After a three-month long expedition to Antarctica, a group of researchers from Greenpeace organization reported that even the most remote habitats of the continent were contaminated by microplastic waste and toxic chemicals, thanks to human activity.

The report, one of the most detailed of its kind, changes the view that Antarctic ecosystem mainly remained untouched by the consequences of dumping trash into our oceans and burning of fossil fuels.

“We may think of the Antarctic as a remote and pristine wilderness, but from pollution and climate change to industrial krill fishing, humanity’s footprint is clear,” Frida Bengtsson of Greenpeace’s Protect the Antarctic campaign said in a statement.

The team collected snow and water samples from little known Antarctic ecosystems as part of the international campaign, which aims to build world’s largest ocean sanctuary on Earth — approximately five times the size of Germany — to provide a protected environment to whales, penguins, and other marine life.

However, when the samples were brought back and analyzed, the researchers were totally shocked.

Water Sampling in the Antarctic
Sandra Schoettner (marine biologist and oceans campaigner with Greenpeace Germany) doing water sampling on Joinville Island in the Antarctic Sound to investigate the presence of persistent organic pollutants like PFCs (per- and polyfluorinated chemicals) in the Antarctic environment. PFCs are widely used in industrial processes and products. The outdoor industry applies them for waterproof gear like jackets and shoes. Greenpeace has already performed this kind of sampling in other remote and seemingly pristine places in China, Russia, Turkey, Scandinavia, the Alps, and Patagonia. Christian Aslund / Greenpeace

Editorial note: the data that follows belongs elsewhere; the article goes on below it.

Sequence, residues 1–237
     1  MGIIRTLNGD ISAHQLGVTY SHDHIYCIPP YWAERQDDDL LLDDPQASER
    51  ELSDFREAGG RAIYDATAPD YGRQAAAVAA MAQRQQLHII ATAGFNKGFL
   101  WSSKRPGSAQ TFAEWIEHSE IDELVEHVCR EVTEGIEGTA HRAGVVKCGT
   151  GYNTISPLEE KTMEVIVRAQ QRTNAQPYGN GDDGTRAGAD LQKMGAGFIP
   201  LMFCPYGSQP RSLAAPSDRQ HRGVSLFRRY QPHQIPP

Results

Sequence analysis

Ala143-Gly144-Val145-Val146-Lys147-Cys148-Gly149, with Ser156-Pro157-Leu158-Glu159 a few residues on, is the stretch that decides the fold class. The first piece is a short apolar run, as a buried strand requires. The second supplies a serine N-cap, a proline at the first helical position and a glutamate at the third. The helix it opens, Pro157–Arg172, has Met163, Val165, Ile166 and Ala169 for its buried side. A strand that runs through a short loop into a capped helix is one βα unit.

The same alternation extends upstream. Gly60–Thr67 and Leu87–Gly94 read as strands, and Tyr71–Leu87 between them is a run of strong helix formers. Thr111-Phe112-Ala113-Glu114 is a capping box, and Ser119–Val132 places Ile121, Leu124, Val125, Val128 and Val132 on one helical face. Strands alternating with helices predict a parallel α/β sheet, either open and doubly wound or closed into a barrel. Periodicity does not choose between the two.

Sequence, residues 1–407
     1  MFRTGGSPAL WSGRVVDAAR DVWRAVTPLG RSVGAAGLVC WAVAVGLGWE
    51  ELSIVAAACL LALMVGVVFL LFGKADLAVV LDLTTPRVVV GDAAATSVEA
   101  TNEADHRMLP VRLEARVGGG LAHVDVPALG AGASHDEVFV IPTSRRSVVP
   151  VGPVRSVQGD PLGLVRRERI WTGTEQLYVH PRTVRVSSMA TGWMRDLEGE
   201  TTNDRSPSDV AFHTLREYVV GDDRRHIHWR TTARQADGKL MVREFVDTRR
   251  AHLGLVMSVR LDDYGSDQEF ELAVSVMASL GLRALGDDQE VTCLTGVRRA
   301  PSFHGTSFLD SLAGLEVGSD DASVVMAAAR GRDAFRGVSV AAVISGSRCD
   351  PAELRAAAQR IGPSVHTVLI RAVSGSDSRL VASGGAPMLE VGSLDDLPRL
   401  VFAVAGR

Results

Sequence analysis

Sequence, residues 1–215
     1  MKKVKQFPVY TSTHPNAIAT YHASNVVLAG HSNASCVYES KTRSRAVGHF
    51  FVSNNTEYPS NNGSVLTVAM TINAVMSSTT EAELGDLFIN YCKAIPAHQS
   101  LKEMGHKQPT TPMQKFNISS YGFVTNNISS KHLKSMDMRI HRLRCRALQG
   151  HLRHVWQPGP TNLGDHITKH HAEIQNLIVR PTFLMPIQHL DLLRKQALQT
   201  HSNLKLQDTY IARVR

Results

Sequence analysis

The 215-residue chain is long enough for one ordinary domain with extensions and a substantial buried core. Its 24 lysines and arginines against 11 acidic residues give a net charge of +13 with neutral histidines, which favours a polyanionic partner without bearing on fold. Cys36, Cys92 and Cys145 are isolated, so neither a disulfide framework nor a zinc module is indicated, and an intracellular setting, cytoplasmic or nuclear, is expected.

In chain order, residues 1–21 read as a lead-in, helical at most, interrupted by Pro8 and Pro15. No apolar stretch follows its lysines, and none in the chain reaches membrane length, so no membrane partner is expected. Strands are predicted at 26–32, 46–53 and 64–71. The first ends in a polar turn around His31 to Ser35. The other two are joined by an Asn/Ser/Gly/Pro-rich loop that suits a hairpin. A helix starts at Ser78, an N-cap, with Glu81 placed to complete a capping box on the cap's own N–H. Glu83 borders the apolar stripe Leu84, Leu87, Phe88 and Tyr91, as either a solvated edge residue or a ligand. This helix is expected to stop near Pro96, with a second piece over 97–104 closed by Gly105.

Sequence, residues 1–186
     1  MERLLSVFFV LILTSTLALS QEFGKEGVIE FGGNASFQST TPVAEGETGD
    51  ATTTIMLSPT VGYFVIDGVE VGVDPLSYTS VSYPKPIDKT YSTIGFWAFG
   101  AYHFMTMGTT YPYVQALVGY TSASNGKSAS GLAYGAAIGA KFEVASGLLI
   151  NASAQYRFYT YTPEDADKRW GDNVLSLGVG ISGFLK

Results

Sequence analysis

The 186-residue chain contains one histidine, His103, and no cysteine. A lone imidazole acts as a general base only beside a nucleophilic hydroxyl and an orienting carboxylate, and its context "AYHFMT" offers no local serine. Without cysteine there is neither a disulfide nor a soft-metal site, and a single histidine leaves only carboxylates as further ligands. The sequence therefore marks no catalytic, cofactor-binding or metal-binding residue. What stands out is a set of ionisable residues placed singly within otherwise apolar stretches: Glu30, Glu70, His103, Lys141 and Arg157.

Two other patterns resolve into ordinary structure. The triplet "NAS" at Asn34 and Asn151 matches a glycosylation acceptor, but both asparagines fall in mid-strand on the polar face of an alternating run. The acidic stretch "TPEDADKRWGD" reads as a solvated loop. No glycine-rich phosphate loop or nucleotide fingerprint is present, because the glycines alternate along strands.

Out of eight sea-surface water samples, seven had traces of at least one microplastic element per liter of water. In another nine samples taken using a manta trawl sea-surface sampling net, two were found to contain microplastics. The situation got even worse when the team found signs of hazardous chemicals in snow samples. Out of a total of nine collected samples, seven had traces of toxic chemicals that are widely used in modern industrial processes and consumer goods.

These chemicals, called per- and polyfluorinated alkylated substances, or PFASs, don’t occur naturally and are linked to a number of reproduction and development-related problems in wildlife. They normally take a lot of time to degrade, but in this specific case, the chemicals were found in fresh snow samples, something that suggests that they might have fallen from the atmosphere in the form of contaminated rain or snow.

“We also saw all kinds of waste from the fishing industry down in the Antarctic,” Bengtsson added. “Buoys, nets, and tarpaulins drifted in between icebergs, which was really sad to see. We took them out of the water, but it really made clear to me how we need to put vast parts of this area off-limits to human activity if we’re going to protect the Antarctic’s incredible wildlife.”

Visible plastic waste and microplastics were previously discovered in the Antarctic, but due to very little data on the trash, no work revealed the true scale of plastic pollution in the region. Many even believed that ocean currents around the continent acted as a buffer zone and protected the region from plastics polluting the world’s oceans. However, this study changes all of that and calls for immediate attention to protect the ecosystem of the content.

“Plastic has now been found in all corners of our oceans, from the Antarctic to the Arctic and at the deepest point of the ocean, the Mariana Trench,” Bengtsson concluded. “We need urgent action to reduce the flow of plastic into our seas and we need large-scale marine reserves — like a huge Antarctic Ocean Sanctuary which over 1.6 million people are calling for — to protect marine life and our oceans for future generations.”